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What are the realities of energy transition from coal to renewables?

Dr Jason Byrne and Dr Tony Matthews examine (5.11.17) the Palaszczuk Government’s commitment to renewables:

‘The Palaszczuk government in Queensland recently introduced impressive renewable energy targets. The over-arching goal is to guide the state to 50% renewable energy by 2030 – a mere 13 years away. Two key questions are: How fast is the shift to renewables likely to occur, and how realistic is it to expect a complete transition to 100% renewable energy? The answers depend upon a supportive policy environment, market forces, technology that solves issues of energy intermittency and storage, and the willingness of energy generators, investors and energy customers to embrace renewable energy. A continued transition to renewable energy will also depend upon a state government that supports renewables, and maintains a positive investment climate. We address these in turn.’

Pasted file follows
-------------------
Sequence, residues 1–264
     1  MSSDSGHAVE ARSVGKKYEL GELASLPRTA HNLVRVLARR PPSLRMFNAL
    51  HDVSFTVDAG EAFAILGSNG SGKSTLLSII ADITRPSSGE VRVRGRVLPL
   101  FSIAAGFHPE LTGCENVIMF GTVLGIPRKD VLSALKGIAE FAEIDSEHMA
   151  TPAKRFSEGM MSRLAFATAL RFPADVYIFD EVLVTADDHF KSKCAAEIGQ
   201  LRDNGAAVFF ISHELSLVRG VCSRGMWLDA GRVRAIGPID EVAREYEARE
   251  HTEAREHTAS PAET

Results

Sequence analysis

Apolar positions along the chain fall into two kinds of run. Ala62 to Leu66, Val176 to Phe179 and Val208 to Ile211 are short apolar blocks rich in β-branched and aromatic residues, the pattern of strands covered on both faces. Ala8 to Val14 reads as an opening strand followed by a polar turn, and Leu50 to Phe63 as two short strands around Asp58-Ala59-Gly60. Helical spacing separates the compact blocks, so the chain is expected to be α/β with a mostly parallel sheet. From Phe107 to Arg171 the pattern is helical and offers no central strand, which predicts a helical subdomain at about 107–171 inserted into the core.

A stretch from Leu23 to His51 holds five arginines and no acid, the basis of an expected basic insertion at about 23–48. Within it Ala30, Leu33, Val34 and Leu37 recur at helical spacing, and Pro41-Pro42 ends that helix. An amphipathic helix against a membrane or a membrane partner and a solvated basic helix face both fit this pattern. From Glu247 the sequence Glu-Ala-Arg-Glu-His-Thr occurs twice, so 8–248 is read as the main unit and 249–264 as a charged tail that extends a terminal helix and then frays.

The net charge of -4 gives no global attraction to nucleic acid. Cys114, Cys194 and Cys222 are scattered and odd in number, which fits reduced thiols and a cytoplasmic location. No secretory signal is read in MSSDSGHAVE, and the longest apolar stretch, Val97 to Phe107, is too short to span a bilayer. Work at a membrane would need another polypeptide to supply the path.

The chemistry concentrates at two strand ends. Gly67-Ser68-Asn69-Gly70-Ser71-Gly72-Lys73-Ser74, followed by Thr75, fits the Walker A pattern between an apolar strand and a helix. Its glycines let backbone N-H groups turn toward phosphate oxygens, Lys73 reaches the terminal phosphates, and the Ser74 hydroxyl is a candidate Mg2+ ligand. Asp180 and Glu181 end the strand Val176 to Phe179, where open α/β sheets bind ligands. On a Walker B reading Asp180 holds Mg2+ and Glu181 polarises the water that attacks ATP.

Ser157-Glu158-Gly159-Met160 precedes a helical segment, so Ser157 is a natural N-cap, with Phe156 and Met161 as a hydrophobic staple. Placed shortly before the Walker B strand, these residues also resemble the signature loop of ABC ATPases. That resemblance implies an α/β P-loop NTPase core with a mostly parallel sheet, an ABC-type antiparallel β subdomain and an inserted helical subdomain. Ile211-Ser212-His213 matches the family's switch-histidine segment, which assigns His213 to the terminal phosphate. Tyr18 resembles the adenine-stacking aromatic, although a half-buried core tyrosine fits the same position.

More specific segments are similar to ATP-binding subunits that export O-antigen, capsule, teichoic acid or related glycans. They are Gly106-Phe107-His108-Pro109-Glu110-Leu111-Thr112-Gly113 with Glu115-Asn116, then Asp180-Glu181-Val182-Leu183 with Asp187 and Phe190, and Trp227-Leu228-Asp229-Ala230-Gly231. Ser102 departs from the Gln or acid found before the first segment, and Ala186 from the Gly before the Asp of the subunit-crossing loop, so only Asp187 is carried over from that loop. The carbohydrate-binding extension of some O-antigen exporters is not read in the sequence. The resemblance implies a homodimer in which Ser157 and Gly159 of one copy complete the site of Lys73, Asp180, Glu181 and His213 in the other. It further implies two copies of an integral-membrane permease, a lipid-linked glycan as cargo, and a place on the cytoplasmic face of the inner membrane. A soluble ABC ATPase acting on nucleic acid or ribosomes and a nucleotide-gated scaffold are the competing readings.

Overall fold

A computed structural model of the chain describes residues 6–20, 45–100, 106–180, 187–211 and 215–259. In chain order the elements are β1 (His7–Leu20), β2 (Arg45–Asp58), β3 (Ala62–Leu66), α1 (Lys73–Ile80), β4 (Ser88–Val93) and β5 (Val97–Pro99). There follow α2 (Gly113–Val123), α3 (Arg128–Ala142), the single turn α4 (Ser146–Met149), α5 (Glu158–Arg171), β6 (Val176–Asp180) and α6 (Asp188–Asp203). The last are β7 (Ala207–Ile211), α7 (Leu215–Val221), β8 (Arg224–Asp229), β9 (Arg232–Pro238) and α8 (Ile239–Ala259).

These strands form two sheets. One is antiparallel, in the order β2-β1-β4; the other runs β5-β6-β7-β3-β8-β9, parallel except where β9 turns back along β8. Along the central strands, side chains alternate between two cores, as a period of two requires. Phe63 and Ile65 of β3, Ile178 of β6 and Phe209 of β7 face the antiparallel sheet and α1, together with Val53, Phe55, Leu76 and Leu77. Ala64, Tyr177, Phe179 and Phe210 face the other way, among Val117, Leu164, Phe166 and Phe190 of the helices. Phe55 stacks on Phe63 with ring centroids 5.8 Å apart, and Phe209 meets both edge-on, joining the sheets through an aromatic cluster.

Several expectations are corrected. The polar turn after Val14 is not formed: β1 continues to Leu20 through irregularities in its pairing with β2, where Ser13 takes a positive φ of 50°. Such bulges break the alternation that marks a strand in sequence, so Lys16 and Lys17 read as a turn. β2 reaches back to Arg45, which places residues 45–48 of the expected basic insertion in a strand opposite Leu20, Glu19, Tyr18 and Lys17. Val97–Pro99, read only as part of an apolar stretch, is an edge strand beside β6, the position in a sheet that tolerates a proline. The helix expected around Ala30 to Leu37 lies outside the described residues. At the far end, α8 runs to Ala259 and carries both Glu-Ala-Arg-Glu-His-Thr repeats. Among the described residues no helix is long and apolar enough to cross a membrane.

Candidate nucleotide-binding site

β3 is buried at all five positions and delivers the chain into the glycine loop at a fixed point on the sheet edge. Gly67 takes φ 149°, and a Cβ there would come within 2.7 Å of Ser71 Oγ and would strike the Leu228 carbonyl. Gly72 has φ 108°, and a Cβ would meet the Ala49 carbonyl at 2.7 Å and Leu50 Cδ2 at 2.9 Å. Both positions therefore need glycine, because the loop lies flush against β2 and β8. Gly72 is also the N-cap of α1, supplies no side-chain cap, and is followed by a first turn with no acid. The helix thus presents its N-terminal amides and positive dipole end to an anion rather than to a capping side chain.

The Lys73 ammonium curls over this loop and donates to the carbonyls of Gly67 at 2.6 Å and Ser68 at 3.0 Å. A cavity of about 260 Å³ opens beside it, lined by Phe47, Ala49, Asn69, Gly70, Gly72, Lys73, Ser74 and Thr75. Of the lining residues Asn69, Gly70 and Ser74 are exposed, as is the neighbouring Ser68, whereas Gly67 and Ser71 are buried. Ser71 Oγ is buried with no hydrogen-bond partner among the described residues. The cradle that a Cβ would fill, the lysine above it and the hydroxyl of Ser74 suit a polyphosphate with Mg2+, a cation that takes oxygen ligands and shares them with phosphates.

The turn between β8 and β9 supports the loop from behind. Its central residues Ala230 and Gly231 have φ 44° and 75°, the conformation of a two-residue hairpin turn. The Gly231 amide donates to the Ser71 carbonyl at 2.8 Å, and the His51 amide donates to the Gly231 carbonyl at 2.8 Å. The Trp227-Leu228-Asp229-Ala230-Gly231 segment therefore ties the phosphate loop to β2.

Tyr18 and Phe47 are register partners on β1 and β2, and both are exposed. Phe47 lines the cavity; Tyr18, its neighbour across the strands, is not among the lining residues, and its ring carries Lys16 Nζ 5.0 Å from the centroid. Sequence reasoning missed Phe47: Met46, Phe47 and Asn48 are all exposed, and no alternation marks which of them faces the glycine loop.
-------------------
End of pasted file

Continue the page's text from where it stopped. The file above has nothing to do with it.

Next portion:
People need to see the benefits from local renewable energy projects, and that means jobs

Tom Morton and colleagues write in The Conversation (18.6.20) about how renewable energy projects are often in direct competition with fossil fuels for the hearts and minds of communities. The authors argue there’s a way to win people over, with ongoing local employment in an energy transition.

‘The Australian government’s investment roadmap for low-emissions technologies promises more taxpayers’ money to the gas industry but fails to deliver the policy needed for people to support a transition to renewable energy.

‘It ignores what academic experts, the CSIRO, the Australian Energy Market Operator, the Australian Industry Group and several premiers and energy ministers are all saying: renewable sources of energy are already cheaper than gas or coal generation, and wind and solar could provide up to 75% of Australia’s electricity by 2025.

‘The technologies could also drive employment in a post-COVID renewables-led recovery, enabling Australia to “rebuild stronger and cleaner”.

‘But policymakers need to make sure the communities bearing the costs of the energy transition also share in its benefits.’

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